Release Date: November 08, 2012
Soon after posting their first soundcheck in 2005, rapturous press, chart hits, and an international rep as a fearsome live act all swiftly snowballed for the Toronto-bred chiptune duo who’d been so busy touring and recording that they hadn’t bothered to have actual homes. Then, in late 2010, the pair released a version of “Not in Love,” turning Platinum Blonde’s 1983 new-wave oldie (rightly unknown beyond Canada) into an ultra-dramatic gothic disco masterstroke via a bravura guest vocal by the Cure’s Robert Smith. This, Smith’s most pop-tacular achievement since 1992’s “Friday I’m in Love,” also made the unintended point that Crystal Castles would be far more compelling — in the studio, at least — if frontwoman Alice Glass wasn’t always on the mic.
But it’s not as if she’s replaceable onstage. In a genre defined by homely DJ dudes whose choreography rarely evolves beyond the occasional pumped fist, someone who holds herself like a proper rock star — not only crowd-surfing, but also pummeling any guy who touches her inappropriately — is a revelation. “I’ve never punched anyone who didn’t deserve it,” she declared on a recent NME cover.
That’s debatable, but what’s certain is that her aggression makes Crystal Castles accessible to indie rockers more at ease with badass (and just plain bad) vibes than with EDM’s utopianism. Their S&M imagery may be subtler and far more serious than, say, Lords of Acid’s, but it’s still there in every eye-piercing strobe and fuck-you riff. From their interviews to their cover art, Glass and keyboardist/producer Ethan Kath aim to present themselves as the planet’s darkest dance band, one without calculation, ambition, or commerciality.
Indeed, they bring the noise, but what makes them more than Atari Teenage Riot’s second coming is Kath’s command of the European pop and disco conventions ingrained in eastern Canadian culture. Maybe he learned what he needed to know about ABBA, Donna Summer, Françoise Hardy, Serge Gainsbourg, and Ennio Morricone through New Order (and, quite likely, Chris & Cosey), but in any event, it’s all there in his minor-key melodies, octave-jumping bass lines, four-to-the-floor drum programming, and symphonic instrumental harmonies that imply emotional intimacies as much as Glass’s words deny them. No one writes something as delicately melancholy as “Celestica” without having felt love and its loss, and knowing how to articulate both. And even if it’s sequenced on 2010’s Crystal Castles right before their most abrasive cut, “Doe Deer,” that song nevertheless betrays a longing for connection, an appreciation of beauty, and an understanding of order and balance in the way it gently rises, falls, and settles back into place. No matter how the duo and their complicit, hype-crazed British press backers may mutually deny it, Crystal Castles aren’t all “punk” and anarchy; there’s plenty of pleasure amid their pain.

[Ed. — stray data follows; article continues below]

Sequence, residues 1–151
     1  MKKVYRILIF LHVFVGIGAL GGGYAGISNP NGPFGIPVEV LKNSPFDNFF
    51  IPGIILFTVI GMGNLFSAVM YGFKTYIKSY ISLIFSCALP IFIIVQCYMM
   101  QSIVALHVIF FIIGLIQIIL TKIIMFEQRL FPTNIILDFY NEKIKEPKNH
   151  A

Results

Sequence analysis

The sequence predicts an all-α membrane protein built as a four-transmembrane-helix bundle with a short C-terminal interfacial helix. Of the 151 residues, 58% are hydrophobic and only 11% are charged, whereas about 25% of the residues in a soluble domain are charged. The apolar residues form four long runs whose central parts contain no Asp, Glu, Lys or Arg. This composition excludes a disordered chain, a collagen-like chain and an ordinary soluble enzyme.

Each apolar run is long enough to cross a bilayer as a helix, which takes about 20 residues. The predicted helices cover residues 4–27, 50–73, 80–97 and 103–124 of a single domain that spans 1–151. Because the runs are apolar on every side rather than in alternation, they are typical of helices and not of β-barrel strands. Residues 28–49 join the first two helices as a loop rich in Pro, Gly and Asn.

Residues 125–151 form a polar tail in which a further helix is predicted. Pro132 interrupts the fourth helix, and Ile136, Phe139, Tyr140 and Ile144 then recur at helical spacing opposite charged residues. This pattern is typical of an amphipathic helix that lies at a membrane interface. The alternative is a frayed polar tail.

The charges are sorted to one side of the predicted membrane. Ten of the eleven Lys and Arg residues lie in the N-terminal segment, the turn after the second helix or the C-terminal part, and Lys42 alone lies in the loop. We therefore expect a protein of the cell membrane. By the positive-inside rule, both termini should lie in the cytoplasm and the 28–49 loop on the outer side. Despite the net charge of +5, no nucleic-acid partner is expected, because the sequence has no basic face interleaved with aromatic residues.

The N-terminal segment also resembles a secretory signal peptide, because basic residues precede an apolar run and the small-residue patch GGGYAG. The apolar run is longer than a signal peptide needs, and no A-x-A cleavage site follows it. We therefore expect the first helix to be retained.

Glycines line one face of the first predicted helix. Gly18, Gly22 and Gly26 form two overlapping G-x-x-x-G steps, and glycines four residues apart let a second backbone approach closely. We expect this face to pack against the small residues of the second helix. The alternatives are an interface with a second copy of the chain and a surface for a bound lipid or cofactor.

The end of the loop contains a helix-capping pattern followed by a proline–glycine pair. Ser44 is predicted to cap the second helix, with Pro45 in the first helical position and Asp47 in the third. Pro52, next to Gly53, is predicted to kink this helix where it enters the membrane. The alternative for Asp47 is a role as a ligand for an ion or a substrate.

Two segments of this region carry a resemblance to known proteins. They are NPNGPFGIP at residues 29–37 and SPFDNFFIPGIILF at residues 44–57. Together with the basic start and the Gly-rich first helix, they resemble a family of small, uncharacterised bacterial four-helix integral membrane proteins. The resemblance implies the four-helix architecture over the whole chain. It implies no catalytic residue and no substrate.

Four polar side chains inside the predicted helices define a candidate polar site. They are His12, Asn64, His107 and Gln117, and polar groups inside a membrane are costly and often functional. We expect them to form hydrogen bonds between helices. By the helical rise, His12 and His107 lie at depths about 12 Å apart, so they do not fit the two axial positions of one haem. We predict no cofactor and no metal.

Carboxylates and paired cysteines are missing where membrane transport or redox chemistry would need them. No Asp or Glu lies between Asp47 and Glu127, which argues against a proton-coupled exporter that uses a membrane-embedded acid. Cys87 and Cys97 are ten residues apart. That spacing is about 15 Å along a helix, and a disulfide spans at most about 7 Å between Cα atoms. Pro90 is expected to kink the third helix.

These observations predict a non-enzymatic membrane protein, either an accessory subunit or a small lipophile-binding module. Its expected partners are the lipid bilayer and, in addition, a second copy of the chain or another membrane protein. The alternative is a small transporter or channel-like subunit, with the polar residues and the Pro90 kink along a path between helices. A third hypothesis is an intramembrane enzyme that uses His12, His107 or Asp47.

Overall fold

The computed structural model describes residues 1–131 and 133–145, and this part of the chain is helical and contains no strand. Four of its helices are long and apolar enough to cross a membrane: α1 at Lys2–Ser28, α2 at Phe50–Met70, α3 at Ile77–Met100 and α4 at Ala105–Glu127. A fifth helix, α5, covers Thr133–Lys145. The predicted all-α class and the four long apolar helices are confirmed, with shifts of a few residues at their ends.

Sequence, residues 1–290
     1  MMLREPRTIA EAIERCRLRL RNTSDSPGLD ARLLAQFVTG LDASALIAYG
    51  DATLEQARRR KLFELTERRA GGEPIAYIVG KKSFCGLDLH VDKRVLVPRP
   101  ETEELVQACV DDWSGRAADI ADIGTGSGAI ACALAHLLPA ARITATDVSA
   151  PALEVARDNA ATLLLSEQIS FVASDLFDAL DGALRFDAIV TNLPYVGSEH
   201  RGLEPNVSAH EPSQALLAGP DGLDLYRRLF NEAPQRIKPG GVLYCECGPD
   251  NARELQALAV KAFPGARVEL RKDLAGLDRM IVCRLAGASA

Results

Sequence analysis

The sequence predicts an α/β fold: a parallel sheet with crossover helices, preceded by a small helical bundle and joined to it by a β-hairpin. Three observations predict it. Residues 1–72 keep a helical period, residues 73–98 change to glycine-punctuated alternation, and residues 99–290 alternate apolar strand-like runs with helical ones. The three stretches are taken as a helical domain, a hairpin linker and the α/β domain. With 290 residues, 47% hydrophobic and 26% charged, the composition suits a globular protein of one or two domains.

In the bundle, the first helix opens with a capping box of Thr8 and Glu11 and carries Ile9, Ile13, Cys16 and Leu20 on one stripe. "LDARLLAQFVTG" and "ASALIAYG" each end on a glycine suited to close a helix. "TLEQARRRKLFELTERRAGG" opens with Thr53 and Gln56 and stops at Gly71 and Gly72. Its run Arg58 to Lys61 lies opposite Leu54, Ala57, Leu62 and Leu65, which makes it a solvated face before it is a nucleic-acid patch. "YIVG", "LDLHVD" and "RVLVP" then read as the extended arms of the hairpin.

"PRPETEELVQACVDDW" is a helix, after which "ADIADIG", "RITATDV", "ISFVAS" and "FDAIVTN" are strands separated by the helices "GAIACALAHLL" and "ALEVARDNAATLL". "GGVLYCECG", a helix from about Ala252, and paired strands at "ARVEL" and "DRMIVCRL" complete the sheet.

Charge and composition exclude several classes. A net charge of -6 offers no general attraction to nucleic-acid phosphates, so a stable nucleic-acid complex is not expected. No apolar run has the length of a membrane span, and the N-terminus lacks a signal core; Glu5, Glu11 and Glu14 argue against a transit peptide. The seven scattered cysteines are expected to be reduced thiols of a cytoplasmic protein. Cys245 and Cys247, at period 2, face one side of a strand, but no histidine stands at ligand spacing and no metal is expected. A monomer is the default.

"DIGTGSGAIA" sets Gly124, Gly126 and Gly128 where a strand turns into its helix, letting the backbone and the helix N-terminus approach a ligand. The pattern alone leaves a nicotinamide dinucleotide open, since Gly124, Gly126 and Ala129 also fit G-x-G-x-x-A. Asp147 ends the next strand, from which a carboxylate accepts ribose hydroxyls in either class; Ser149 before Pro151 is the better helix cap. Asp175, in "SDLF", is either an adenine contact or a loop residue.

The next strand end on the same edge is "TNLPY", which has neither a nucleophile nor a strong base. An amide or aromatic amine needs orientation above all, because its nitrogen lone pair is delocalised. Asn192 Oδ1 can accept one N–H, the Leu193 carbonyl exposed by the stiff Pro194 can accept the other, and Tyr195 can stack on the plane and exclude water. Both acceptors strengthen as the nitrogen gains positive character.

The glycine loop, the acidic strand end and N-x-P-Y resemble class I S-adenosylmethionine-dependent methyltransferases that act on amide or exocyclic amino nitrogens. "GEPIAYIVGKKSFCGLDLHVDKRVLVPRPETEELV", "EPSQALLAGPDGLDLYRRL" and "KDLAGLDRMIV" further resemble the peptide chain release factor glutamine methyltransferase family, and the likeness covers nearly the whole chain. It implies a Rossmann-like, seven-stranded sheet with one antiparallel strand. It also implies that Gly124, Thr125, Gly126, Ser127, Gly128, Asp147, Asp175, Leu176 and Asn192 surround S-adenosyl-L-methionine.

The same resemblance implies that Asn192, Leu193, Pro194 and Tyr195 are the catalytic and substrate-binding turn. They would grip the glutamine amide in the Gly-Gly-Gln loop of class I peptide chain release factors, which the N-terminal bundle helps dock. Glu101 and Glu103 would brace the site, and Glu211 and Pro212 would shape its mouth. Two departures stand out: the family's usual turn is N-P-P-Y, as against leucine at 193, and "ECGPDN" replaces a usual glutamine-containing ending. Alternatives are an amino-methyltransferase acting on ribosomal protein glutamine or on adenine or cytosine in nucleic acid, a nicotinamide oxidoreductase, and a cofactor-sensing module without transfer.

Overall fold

Or, at least, there was. The third record titled Crystal Castles is considerably less inviting and less extreme than its eponymous predecessors. There’s more electro syncopation and fewer, fainter disco thumps, which would be fine if Kath’s Timbaland was as great as his Gaga. Instead, “Kerosene,” “Affection,” and “Pale Flesh” are tentative — not nearly as danceable as “Not in Love,” and never as commanding. Unlike the huge sonic leap between the video-game mutilation of their 2008 debut and the arena-rave clarity of its follow-up, III beats a conflicted retreat. “We wanted the new album to sound like a completely different and new experience,” Kath recently announced, rebutting his NME claim last summer that “There’s no departure. We like how we sound. We don’t wanna change.”
Although the duo insists they’ve ditched their old synths and enforced a “strictly no computers” rule here, Glass’ severely circumscribed singing is more processed, Auto-Tuned, and obscured than ever. It’s also more prominent in the mix. Disembodied by Kath into a ghostly digitized whisper or a shrieking monotone, Glass now emits only an occasionally decipherable word or two in any phrase. You’re more likely to make sense out of the Jar Jar Binks-ian dialogue in Cloud Atlas‘ post-apocalyptic segments than parse any of the death-metal poetry here.
But maybe that’s a good thing, though, as her default bleakness combines cruelty with clunkiness: “I sleep for you when you’re exhausted / Your first born will be accosted” is typical of a lyric sheet that bears little resemblance to what actually comes through the speakers. Crystal Castles are taking serious subject matter, like politically sanctioned fundamentalism and misogyny, and rendering it apolitical or irrelevant by literally reducing it to unintelligible noise — just like they smoothed out the details on a World Press award-winning photo of a Yemenite woman comforting her tear-gassed son for their album cover, turning a highly specific image of compassion into one of generic, Grim Reaper-style doom. This is undoubtedly not their intention, but it’s nevertheless deeply uncool.
Like its predecessors, III serves up synth-etic goth, but its fear of pop means less Siouxsie & the Banshees and more Christian Death. “Sad Eyes” is the sole Eurodisco pounder with a euphoric chorus or hook, but the verses nearly fall apart when the keys pull back and Glass’ chopped and screwy vocals fumble the tune. The rest is more challenging, but also less rewarding; repeated plays don’t reveal any buried substance. Only “Insulin” gets gnarly, but never thrashy; where there was once abandon, now there’s austerity.
It’s as if Kath put more effort into masking Glass’ limitations than exploring what he does best or expanding beyond it. He’s brilliant when juxtaposing rhythmic brutality against euphonious familiarity; but here, he seems exhausted by the former and ashamed of the latter. The last thing Crystal Castles should be is tired.